I'm using a Fractal Design R3 now too. I'm running two 120mm fans on the front intake, a 140mm fan in the bottom intake, a single 120mm fan on the rear exhaust, and 140mm fan top exhaust, trying to for the same high-pressure dust-resistance that you were going for. All the fans are the inexpensive Yate Loons. With all the fans on high, the only sound from the case is the soft whisper of rushing air, and my hardware runs very cool.
  • Kepe - Friday, October 7, 2011 - link

    Sounds pretty much like my configuration. I have the stock coolers still in place; 1 in the front, 1 in the back. In addition to those, I have a Noctua NF-S12 as a second intake in the front (used to be my CPU cooler fan, but I bought a new one when I bought the case), and some unknown 120mm 24V Papst model running at 12V and creating huge amounts of airflow (I stole/rescued it from work) at the bottom of the case, blowing air to the GPU cooler. The Papst makes a bit too much noise and I'm thinking about either lowering its voltage to 7V or buying a new fan altogether. Might as well replace the stock fans at the same time, too.

    Anyways, I love the R3 since it gives so many options as to how my case is cooled, and the noise insulation is amazing. I used to have an NZXT Lexa Blackline, which has to be one of the most beautiful cases I've ever seen. But it was loud. I usually turned off my computer when going to bed because of the noise, but now I don't need to. The only gripe I have about the R3 is the bright power LED on top of the front of the case. It is way too bright and actually lights up my apartment at night.

    Now I'm going way off topic, but I don't understand the use of bright LEDs in places where you only need to see some sort of light coming out. My new wireless N router has a blinking bright blue light that shoots me straight in the eye when sleeping. Also the Logitech speaker system I have, but don't use anymore, has a hugely bright blue LED that actually was a pretty nasty disturbance when watching movies on my computer. My point is why do manufacturers use these overly bright LEDs in applications where they actually disturb people? A regular LED isn't too bright, but one can see if it is on or not just fine.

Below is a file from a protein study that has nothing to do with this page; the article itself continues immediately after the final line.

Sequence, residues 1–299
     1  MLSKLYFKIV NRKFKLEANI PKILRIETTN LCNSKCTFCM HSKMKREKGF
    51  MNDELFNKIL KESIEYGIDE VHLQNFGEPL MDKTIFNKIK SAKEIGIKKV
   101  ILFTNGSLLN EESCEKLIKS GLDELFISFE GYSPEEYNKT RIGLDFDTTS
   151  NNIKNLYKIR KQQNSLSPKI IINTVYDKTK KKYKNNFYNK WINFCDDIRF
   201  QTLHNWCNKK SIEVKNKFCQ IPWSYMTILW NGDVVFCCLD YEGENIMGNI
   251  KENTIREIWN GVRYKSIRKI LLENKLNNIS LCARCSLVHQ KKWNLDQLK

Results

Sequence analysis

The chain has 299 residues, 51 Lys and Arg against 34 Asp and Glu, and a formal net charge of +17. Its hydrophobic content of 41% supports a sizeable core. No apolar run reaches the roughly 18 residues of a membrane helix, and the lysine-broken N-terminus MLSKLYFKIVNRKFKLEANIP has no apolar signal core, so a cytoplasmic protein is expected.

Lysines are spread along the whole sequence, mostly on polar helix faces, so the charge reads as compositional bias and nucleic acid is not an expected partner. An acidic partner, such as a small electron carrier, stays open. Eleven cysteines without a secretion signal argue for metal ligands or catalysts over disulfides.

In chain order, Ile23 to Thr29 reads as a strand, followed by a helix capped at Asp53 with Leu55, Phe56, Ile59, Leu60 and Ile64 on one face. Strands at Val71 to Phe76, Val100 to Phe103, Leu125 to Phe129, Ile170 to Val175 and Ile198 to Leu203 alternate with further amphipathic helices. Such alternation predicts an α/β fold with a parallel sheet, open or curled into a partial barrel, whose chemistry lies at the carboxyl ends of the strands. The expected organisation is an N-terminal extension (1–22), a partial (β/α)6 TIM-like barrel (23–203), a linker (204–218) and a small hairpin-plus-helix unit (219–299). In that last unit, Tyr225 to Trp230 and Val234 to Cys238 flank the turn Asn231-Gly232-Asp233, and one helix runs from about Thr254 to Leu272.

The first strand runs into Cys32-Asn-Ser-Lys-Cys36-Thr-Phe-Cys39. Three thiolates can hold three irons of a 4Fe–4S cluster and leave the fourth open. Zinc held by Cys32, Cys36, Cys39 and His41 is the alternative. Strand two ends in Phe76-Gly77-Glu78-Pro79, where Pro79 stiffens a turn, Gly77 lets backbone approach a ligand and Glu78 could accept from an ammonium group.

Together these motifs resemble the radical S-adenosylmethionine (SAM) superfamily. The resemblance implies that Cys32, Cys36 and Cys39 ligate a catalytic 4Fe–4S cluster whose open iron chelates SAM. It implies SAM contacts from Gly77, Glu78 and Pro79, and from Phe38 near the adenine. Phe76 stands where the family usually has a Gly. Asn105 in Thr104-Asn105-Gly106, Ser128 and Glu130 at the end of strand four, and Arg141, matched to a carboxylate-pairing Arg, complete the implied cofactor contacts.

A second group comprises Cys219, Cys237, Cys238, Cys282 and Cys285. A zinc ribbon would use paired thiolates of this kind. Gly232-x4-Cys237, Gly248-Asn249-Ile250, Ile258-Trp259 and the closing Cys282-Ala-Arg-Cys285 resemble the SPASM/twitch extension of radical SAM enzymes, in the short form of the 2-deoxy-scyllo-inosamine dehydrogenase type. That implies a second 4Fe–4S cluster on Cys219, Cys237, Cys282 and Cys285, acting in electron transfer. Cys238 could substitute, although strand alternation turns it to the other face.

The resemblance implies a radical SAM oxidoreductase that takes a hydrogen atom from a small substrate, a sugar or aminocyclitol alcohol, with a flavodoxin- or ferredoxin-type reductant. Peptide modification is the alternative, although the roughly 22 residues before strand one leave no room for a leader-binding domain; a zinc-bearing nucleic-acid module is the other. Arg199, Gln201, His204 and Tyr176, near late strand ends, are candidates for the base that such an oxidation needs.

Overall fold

• TrackSmart - Saturday, October 8, 2011 - link

    I've never found that very high air flow changed component temperatures by more than 1-3C under load, as long as air was flowing properly in the case (e.g. no dead spots for air to get trapped in).

    Granted, I build systems with relatively low noise and power consumption in mind. Think quad-core 95W TDP processors and sub 200W TDP graphics cards.

    Honestly, I think this case has too much ventilation for most builds. I'd rather have the sides and bottom sealed completely and have air move from the bottom front (intake) and out the top rear. The case would be quieter, require fewer fans, and probably have similar thermals. That's been my experience with modifying cases and testing component temperatures and noise.
  • marvdmartian - Friday, October 7, 2011 - link

    1. yes, replacing fans is pretty easy, and most enthusiasts will have some sitting on a shelf somewhere, for easy/quick replacement. HOWEVER, 120mm fans are a whole lot more commonly found in said enthusiast's stash than 140mm fans, I would imagine. While the slightly larger fan might move a little more air, if it's going to be replaced, it's not going to be cheap to do so.